11. Energy policies and renewable energy systems monitoring

    Energy Technology Data Exchange (ETDEWEB)

    Di Nisio, Attilio; Savino, Mario; Spadavecchia, Maurizio [Electrical and Electronic Measurements Laboratory, Dept. of Electrical and Electronic Engineering - Politecnico di Bari, Bari (Italy)], e-mails: dinisio@misure.poliba.it, savino@misure.poliba.it, spadavecchia@misure.poliba.it

    2011-07-01

    Full text: The global energy crisis is forcing every country worldwide to review its policies on energy. The environmental disaster at Japan's Fukushima Daiichi nuclear power plant has accelerated this process. Many people around the world are citing the disaster as evidence that nuclear power would endanger the survival of mankind on earth and should be banned. Today we need to focus more substantially on energy saving, especially using smart devices with low power consumption. We have also to review the approach to the exploitation of energy and move from a philosophy 'from the ground to the subsurface' to another 'from the earth to the sun'. This paper highlights the increasing importance of solar power in meeting energy needs while achieving security of supply and minimising carbon dioxide (CO{sub 2}) emissions. It deals also with the development of solar power plants, which require a supervisory control system that improves their efficiency and reliability. (author)

  12. Nuclear energy, needs and policies

    International Nuclear Information System (INIS)

    Yousefpour, B.; Rahimi, A.R.

    2002-01-01

    As an oil-and gas-rich state, Iran is among the main energy exporting countries of the world. No doubt, economic development in a country causes increase in its energy demand. Having a glance at the statistics of energy consumption in Iran during the past three decades reveals that energy consumption has been quadrupled. Due to dependability of the country's energy-supply system on fossil industries and thanks to the increasing demand, social and economic development will face great problems. For this reason, the problem has prompted Iranian officials to diversify the country's energy-supply system, as it has been give top priority in the policies of the first and second plans. The discovered and undiscovered fields of applied nuclear sciences and technologies indicate the importance of transferring and developing nuclear technologies for different countries' economic systems. Like many other countries, Iran is also in dire need of transferring nuclear technology and applying the related sciences in various fields, paving the way for economic, agricultural, medical development and having a more active presence in the international markets through quality and standard products. Iran has all the time called for a Middle East region free of nuclear weapons and expressed its concern over production and development of atomic weapons by certain regional countries and called it a serious threat to its national and regional security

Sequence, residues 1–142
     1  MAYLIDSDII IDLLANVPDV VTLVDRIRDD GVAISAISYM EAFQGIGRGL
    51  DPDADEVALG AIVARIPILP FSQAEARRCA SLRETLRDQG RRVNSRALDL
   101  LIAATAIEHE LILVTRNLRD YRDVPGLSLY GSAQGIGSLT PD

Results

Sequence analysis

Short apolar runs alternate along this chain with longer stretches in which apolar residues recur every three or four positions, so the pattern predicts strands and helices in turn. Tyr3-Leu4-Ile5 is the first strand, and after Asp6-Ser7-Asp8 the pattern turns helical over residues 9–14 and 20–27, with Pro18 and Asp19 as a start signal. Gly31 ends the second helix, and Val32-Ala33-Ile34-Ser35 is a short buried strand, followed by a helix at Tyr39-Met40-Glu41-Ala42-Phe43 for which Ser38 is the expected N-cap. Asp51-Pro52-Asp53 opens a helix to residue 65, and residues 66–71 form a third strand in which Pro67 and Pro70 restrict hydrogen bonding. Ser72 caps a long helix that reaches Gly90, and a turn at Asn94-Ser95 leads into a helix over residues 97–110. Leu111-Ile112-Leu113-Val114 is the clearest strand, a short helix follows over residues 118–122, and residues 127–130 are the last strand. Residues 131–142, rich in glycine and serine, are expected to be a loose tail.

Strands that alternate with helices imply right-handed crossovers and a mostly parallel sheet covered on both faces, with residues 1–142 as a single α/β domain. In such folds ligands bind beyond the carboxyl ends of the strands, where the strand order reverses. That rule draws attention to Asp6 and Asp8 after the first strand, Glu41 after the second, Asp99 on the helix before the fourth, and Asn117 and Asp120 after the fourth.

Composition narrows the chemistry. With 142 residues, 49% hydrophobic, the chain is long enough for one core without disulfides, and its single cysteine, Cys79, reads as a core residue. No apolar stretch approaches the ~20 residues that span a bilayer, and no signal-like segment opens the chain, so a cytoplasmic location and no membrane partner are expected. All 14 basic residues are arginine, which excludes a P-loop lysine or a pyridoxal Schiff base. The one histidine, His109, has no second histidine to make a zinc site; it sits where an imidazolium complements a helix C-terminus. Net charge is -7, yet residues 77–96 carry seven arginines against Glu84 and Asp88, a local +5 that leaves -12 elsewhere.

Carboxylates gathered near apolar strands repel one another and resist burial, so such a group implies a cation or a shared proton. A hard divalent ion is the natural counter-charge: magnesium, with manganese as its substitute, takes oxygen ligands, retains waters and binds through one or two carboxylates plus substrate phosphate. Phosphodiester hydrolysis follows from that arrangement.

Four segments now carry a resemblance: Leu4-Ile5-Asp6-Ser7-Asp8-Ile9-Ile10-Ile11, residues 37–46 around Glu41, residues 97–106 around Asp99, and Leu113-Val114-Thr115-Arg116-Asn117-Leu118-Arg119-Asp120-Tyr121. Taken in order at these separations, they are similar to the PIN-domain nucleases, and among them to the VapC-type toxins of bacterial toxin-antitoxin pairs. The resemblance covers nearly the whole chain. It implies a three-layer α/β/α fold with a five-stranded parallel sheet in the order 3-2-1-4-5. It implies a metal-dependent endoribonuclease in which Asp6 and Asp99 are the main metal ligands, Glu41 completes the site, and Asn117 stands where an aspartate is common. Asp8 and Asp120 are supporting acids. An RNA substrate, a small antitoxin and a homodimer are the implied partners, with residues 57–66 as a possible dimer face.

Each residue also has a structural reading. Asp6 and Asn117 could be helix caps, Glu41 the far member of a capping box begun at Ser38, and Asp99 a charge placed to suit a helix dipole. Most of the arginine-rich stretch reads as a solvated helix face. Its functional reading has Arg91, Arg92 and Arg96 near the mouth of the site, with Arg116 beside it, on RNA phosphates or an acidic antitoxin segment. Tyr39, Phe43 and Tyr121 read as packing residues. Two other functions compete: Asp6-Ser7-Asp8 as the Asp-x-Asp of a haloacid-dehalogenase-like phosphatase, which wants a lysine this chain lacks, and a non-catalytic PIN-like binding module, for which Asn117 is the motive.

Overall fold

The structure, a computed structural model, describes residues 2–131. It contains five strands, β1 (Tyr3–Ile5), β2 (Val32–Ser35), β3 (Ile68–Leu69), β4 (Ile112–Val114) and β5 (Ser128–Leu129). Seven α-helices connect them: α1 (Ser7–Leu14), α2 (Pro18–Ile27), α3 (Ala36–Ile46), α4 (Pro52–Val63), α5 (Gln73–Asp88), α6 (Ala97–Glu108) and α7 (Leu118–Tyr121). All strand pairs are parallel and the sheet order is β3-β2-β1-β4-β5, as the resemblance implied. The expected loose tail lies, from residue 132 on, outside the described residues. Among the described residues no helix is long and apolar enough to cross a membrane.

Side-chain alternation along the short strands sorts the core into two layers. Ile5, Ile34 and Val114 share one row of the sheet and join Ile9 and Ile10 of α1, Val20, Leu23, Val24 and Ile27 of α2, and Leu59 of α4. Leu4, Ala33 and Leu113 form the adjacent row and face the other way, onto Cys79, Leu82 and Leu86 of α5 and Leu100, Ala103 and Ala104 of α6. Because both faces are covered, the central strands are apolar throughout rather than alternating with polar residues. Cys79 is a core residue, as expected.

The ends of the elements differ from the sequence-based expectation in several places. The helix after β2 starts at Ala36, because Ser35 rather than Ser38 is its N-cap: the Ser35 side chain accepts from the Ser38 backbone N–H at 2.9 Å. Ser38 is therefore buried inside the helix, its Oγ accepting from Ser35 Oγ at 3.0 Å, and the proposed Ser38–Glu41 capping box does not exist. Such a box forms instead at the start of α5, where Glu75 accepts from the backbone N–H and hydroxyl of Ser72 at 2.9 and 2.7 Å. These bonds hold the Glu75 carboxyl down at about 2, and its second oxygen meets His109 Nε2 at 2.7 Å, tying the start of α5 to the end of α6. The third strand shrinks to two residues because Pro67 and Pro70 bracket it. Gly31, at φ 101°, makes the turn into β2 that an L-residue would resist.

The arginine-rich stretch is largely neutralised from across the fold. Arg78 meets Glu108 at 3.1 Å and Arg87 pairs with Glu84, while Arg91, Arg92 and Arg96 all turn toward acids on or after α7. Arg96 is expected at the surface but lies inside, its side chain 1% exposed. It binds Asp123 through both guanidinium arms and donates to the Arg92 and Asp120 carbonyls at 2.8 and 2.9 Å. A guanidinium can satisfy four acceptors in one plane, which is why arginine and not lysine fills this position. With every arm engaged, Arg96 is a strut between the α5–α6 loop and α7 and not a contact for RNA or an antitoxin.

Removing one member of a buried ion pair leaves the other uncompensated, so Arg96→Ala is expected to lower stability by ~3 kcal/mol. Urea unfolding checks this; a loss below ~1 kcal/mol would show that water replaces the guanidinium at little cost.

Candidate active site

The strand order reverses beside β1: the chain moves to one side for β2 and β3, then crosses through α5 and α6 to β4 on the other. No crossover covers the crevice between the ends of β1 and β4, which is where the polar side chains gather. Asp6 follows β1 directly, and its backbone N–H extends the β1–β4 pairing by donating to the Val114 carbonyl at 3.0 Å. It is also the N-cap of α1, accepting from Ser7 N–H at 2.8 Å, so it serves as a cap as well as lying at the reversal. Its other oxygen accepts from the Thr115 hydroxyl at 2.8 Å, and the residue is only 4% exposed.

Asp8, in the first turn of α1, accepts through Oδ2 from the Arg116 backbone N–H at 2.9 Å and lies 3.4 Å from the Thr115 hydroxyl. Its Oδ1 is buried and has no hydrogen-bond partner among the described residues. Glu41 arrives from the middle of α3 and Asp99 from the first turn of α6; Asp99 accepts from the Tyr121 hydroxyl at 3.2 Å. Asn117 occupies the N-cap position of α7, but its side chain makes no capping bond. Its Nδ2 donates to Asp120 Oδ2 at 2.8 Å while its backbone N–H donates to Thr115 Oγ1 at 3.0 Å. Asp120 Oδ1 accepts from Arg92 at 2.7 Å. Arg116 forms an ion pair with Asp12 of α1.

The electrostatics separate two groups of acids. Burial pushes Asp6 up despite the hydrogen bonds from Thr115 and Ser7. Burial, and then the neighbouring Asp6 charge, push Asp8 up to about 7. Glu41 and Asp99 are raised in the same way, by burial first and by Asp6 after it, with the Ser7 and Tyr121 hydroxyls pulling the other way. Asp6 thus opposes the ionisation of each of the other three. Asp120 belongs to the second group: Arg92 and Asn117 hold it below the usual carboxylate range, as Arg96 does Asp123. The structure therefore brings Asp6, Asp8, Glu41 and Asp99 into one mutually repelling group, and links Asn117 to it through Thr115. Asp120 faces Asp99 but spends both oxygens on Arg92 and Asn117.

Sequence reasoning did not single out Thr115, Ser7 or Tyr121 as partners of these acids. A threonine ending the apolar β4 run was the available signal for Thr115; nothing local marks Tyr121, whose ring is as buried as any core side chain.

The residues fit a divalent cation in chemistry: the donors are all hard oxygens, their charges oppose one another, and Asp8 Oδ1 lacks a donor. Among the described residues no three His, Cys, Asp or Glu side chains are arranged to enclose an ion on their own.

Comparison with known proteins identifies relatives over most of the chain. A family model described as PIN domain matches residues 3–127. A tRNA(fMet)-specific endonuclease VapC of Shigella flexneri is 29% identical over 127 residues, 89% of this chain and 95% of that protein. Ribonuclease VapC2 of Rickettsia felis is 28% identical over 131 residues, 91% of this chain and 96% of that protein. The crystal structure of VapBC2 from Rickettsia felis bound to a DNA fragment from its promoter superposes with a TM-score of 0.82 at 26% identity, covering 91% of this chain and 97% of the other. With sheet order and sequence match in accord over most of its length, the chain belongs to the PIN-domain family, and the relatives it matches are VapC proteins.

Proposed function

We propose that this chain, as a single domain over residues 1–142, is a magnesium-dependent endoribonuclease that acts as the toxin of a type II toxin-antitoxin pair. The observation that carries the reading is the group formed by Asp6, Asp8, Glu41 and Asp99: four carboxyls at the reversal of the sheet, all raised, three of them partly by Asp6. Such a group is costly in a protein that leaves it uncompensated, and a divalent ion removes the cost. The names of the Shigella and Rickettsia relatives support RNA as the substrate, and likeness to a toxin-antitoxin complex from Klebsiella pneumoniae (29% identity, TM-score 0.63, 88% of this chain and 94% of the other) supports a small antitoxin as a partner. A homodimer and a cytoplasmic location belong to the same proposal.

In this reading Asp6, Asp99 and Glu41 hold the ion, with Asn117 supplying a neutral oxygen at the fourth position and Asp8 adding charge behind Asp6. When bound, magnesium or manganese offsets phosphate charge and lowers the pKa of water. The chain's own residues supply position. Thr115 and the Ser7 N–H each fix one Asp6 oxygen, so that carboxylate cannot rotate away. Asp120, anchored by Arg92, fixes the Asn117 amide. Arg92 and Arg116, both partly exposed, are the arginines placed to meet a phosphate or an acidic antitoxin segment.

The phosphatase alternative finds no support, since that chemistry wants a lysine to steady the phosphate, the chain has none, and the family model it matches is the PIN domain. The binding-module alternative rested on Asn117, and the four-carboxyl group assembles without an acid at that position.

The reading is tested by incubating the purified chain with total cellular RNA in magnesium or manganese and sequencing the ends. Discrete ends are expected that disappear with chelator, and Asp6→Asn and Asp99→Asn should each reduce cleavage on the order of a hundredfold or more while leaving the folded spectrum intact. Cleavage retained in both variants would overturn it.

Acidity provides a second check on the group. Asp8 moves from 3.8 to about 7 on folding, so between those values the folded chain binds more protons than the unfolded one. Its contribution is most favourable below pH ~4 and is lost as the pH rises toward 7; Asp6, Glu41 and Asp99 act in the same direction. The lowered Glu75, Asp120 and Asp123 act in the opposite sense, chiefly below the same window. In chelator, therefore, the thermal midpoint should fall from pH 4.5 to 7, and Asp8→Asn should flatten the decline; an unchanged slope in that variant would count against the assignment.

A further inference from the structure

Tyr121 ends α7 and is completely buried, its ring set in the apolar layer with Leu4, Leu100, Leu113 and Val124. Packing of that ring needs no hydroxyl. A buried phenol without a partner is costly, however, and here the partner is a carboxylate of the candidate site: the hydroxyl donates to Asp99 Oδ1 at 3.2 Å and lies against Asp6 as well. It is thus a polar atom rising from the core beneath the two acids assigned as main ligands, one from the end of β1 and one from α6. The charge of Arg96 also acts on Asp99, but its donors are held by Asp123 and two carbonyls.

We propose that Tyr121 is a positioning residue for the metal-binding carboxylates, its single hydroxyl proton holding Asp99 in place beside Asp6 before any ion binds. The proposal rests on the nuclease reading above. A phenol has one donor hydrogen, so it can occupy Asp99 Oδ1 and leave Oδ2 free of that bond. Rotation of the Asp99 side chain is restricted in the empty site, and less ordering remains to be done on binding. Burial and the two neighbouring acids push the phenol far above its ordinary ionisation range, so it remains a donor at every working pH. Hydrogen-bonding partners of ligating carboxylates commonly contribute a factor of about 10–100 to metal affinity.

13. Dutch climate and energy policy. Analysis of policy reviews 1989-2012; Het Nederlandse Klimaat- en Energiebeleid. Analyse van beleidsevaluaties 1989-2012

    Energy Technology Data Exchange (ETDEWEB)

    Faber, J.; Blom, M.J.; De Bruyn, S.M.; Nelissen, D.; Aarnink, S.J.; De Buck, A.; Bennink, D. [CE Delft, Delft (Netherlands); Oosterhuis, F.H.; Kuik, O.J. [Instituut voor Milieuvraagstukken IVM, Vrije Universiteit VU, Amsterdam (Netherlands)

    2012-11-15

    The Dutch government has had climate policy in place since 1989. Since 1999 that policy has been intensified with a view to meeting Kyoto commitments for the period 2008-2012. The Dutch Parliament requested a review of the costs and effects of the measures implemented in the context of Dutch climate and energy policy, based on the available review studies, with led to the commissioning of the present report [Dutch] De Nederlandse overheid voert sinds 1989 klimaatbeleid. Vanaf 1999 is het beleid geïntensiveerd met het oog op het halen van de Kyoto-doelstelling in de periode 2008-2012. De Tweede Kamer wil een overzicht hebben van de kosten en effecten van beleidsinstrumenten van het Nederlandse klimaat- en energiebeleid, op basis van bestaande evaluatiestudies en heeft daarom deze studie laten uitvoeren.

  14. (Nuclear) energy policy in future

    International Nuclear Information System (INIS)

    1982-01-01